In The Bourne Identity, director Doug Liman drew on his dad’s experience prosecuting Oliver North in the wake of Iran-Contra to make a film, only one year after 9/11, that is still one of the best and most thoughtful visions of Americans abroad in this century — Damon’s Bourne was a man in a foreign country with a gun in his hand and no idea how it got there. The Robert Ludlum source novels, Gilroy once said, “were about running to airports.” But Liman, with Gilroy’s help, made a movie about lost identity: an action film in which killing is the symptom of the problem, rather than the solution to it.
It’s also worth noting his take on Renner’s performances in Dahmer, The Hurt Locker, and The Avengers, even if you disagree with it. (For what it’s worth, my review of the Matt Damon Bourne movies and the Daniel Craig Bond movies is one of my favorite bits of film writing I ever did.)
* Tom Spurgeon had a big 50th birthday blowout for Stan Lee & Steve Ditko’s Spider-Man the other day; highlights include Spurgeon’s 16-point meditation on Amazing Spider-Man #1-150 and Kiel Phegley on Spider-Man’s cultural ubiquity.
* Captain America by Rick Remender, John Romita Jr., Klaus Janson, and Dean White: a character I like written by a writer I like, pencilled by a penciller I like, inked by an inker I like, and colored by a colorist I like, but man is the plot a departure from the Ed Brubaker material that made the Joe Simon/Jack Kirby character work as well as, if not better than, he’s ever worked before.
* Kali Ciesemier’s take on Josie Packard for the Damn Fine Coffee Twin Peaks zine is reliably beautiful.
* Why not take a look at a Ross Campbell drawing of the Teenage Mutant Ninja Turtles fighting some Mousers?
* Lingerie Witches: some dumb fun smut from Simon Hanselmann.
* I’m glad the video for A$AP Rocky’s “Purple Kisses” came out on the same day I put up that picture of Jonny Negron’s new book.
* Finally, we’ve gotten some terrific Destructor fanart from Aviv Iscovitz and Jordan Shiveley. We’re always up for more.
Carnival of souls: The greatest comics photo of all time, Pope Hats, Tippi Hedren, Best American Comics, underground comics in 2012, David Lynch, Wreckhall Abbey, moreWednesday, August 8th, 2012
* Behold: the greatest photo in the history of comics. Top row, from left: Gary Panter, Aline Kominsky-Crumb, Phoebe Gloeckner, Ivan Brunetti, Seth, Danniel Clowes, Alison Bechdel, Gary Lieb, Justin Green, Chris Ware, Robert Crumb, Ben Katchor. Bottom row, from left: Joe Sacco, Françoise Mouly, Art Spiegelman, Hillary Chute, Lynda Barry, Carol Tyler, Charles Burns. Photographer: Jason Smith.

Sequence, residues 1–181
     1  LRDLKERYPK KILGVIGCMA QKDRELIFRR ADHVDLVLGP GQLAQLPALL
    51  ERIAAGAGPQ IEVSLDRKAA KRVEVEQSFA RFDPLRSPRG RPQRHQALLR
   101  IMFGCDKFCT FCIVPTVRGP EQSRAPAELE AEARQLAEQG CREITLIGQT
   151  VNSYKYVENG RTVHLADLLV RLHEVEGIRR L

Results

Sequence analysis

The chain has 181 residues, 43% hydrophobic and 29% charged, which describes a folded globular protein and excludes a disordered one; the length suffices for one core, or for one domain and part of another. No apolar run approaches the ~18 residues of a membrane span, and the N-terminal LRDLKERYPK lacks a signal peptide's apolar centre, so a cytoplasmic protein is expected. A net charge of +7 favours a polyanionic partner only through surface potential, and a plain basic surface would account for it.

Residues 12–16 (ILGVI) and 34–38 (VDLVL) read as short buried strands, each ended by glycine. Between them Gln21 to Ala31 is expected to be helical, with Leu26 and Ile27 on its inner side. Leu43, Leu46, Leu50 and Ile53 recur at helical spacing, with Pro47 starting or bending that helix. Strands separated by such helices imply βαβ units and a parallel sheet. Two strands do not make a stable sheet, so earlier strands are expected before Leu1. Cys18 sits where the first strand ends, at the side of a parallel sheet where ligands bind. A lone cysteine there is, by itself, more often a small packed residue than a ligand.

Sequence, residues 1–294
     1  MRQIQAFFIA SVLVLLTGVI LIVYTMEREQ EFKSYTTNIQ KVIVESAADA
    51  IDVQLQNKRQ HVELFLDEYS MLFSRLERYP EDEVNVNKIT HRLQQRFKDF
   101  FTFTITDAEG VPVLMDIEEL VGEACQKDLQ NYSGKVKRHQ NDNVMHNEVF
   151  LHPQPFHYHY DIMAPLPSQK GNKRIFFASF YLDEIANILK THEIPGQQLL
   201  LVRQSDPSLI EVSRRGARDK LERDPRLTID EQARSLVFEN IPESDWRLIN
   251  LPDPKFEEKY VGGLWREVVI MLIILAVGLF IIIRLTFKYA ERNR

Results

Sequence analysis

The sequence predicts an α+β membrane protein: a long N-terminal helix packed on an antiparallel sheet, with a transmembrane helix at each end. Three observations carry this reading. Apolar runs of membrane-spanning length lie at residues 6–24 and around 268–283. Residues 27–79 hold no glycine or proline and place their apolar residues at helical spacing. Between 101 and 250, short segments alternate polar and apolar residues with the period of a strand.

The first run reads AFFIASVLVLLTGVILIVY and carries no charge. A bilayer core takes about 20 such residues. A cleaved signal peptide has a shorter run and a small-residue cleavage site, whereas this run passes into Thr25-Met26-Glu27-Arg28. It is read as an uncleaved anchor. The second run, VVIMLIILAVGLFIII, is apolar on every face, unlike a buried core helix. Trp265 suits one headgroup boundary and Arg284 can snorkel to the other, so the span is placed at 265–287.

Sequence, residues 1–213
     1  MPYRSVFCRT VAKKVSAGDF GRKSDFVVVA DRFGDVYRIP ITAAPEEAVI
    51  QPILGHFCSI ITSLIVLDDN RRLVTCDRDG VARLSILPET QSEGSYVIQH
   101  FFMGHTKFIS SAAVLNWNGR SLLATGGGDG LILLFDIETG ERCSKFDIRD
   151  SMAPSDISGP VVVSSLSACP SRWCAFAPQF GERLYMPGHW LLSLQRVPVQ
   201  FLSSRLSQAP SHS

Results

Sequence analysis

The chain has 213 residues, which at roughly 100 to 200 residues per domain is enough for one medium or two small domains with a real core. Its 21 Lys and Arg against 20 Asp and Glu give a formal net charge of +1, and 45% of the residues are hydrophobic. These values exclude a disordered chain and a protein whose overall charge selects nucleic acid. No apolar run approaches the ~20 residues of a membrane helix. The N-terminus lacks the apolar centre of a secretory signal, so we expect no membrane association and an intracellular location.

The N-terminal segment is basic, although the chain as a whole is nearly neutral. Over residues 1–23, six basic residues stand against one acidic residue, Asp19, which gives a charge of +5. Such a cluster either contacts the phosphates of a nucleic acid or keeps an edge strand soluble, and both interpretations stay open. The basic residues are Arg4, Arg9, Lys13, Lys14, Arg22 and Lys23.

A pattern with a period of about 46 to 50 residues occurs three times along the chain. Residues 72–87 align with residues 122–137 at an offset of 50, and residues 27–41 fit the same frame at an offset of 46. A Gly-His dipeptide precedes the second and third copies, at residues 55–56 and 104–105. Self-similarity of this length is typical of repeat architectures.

* Pope Hats #3 by Ethan Rilly, coming soon from AdHouse! That book will burn up the alt-comics festival circuit this fall, that’s for sure. The first two were lovely, and good reads.
* I’m not sure why this hasn’t been a bigger deal — I was pretty sure this was one of Hollywood’s great mysteries for decades now — but Tippi Hedren says Alfred Hitchcock tried to blackmail her into sex and smothered her career when she refused him
* Matt Madden, Jessica Able, and Françoise Mouly have released the table of contents for this year’s Best American Comics. Some strong work in there, including excerpts Joyce Farmer’s Special Exits, Anders Nilsen’s Big Questions, Sammy Harkham’s Crickets, and Jaime Hernandez’s “The Love Bunglers.” That last inclusion gives me another opportunity for an smh moment regarding the lack of major comics awards consideration given that work, a failure of judgment that borders on scandal. Oh well, looking forward to the Ignatz sweep.
* Here’s a short but impressive list of like-minded alt/art/underground comics anthologies currently operating, as recommended by Leah Wishnia, editor of the likeminded Happiness Comix effort. One thing that the contretemps over Dan Nadel’s anti-SP7 editorial brought to light for me is — well, it’s actually two things. The first is that the community of (mostly) young cartoonists making resolutely uncommercial comments is growing much faster than I can keep up with. To be honest I’d long flattered myself with the idea that I was keeping nearly all this stuff on my radar, but there’s so much I’m missing, so much I don’t even know I’m missing. I doubt that as a critic I’m on their radar, either, although who knows. The second thing spins out of that last sentence: I don’t think any critics are working this beat with any regularity. Maybe Rob Clough, since he reviews everything? Maybe someone I don’t know I’m missing either? But as best I can tell, aside from certain breakout talents I don’t think this cohort has critical champions or interlocutors. Which could explain some of the anger directed at Dan when he said he had no idea what “underground comics” means in 2012, ’cause these folks do, I’d guess. Anyway, I think that if a generation of cartoonists comes of age without criticism, that will have an effect on both cartooning and criticism.